Passes in bicipital groove to supraglenoid tubercle and/or superior glenoid labrum at 1 o’clock (biceps labral complex). Can be impinged by abnormal acromion (similar to supraspinatus tendon) -> tenosynovitis or tendonitis. Tenosynovitis – fluid in tendon sheath surrounding otherwise normal tendon. Enlargement or signal within the tendon indicates tendonitis or partial tear. Tendon disruption/dislocation if tendon not seen on one or more axial images. Dislocation is uncommon, tendon may lie anteromedial to the joint, must have associated subscapularis tear.

Glenohumeral Capsule and Labrum

Glenoid labral tear or detatchment causes glenohumeral joint instability. May be caused by dislocation, repeated trauma (throwing). The normal labrum is triangular, anterior > post. Tears in anterior labrum > posterior > superior. Do not call tears in the anterosuperior labrum (12-3 o’clock), at or above the level or the subscapularis tendon; multiple variants here and is rarely torn/detatched. Tear or detached labrum – joint fluid/enhancement between bony glenoid and base of labrum, or labral truncation, may be associated with paralabral cyst. Linear/amorphous signal in normal low signal labrum (DDx magic angle effect with short TE sequences). Best seen on CT/MR arthography. Anterior labral tears best seen on ABER position (abduction and external rotation with hand behind head), pushing humerus against the labrum ‘prying’ tears open.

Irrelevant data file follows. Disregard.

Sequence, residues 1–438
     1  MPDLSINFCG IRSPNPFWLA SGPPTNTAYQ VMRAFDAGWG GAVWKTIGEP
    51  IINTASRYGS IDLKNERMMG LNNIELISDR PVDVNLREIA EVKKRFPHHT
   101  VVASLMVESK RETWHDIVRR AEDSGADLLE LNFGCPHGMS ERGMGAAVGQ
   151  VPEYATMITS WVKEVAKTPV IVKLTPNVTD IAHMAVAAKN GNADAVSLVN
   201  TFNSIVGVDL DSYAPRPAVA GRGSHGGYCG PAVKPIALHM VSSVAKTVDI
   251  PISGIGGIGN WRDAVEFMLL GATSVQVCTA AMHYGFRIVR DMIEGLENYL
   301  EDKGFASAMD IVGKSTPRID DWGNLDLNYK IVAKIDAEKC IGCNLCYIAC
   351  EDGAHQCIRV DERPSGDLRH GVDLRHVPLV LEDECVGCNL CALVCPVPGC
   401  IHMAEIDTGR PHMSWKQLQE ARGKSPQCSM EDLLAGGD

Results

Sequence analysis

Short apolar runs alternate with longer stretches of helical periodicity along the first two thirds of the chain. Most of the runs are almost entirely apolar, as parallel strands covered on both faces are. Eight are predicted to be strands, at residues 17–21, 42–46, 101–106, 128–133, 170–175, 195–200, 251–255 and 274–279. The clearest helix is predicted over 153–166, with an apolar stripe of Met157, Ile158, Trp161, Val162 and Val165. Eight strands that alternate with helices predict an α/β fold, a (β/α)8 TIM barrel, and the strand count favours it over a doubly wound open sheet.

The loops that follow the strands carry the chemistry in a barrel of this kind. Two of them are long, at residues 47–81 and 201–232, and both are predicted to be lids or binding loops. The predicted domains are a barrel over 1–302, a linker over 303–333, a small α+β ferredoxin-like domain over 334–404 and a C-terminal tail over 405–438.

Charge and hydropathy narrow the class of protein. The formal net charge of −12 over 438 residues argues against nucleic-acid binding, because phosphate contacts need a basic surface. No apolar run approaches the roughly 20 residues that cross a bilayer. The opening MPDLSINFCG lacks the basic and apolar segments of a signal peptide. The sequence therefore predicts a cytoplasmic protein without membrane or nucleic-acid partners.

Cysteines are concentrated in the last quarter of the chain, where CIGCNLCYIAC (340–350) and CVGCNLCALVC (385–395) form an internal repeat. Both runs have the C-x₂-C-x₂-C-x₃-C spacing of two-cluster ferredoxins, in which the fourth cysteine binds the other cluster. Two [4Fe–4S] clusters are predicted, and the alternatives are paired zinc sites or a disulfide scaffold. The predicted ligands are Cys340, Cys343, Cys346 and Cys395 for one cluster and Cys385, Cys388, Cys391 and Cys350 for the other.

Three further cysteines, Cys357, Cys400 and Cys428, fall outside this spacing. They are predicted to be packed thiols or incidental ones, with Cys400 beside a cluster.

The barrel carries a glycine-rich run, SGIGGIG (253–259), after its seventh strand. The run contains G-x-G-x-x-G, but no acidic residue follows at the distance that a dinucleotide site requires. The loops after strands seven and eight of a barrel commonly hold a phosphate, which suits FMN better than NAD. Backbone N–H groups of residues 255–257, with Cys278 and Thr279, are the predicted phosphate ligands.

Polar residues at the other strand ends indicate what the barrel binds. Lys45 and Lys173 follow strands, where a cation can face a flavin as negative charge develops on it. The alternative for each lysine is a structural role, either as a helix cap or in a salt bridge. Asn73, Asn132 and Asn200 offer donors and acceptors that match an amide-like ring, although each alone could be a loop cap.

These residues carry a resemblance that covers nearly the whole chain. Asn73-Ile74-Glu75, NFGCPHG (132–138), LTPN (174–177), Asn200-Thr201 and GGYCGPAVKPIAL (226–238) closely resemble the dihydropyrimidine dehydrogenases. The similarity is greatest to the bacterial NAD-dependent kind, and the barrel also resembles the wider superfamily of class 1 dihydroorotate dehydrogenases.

• SLAP (superior labral anterior to posterior) – Biceps labral complex injury, variably involving the superior labrum, proximal biceps tendon and biceps attachment. From forced extension, rapid abduction in fall, deceleration phase of throwing, pulling of long head of biceps or older patients with cuff tears. Uncommon dislocation with only 20% associated with instability. Usually orientated antero-supero-lateral (ASL, 1st 3 letters of SLAP) to postero-infero-medial cf sublabral recess which points towards the acromion and shouldn’t extend posterior to biceps tendon anchor at ~11 o’clock, is smooth <2-3mm thick. Best seen in external rotation, caudal retraction placing strain on biceps tendon/labrum. 14 subtypes, need to state whether it extends into the biceps tendon.
  • Anteroinferior labral tear – From anterior dislocation. May be associated with Hills Sachs lesion. ‘If unsure, call it a Bankart’.
    • Bankart lesion – Displaced labrum with periosteum torn.
    • Perthes lesion – Labrum remaining attached to periosteum, periosteum not torn.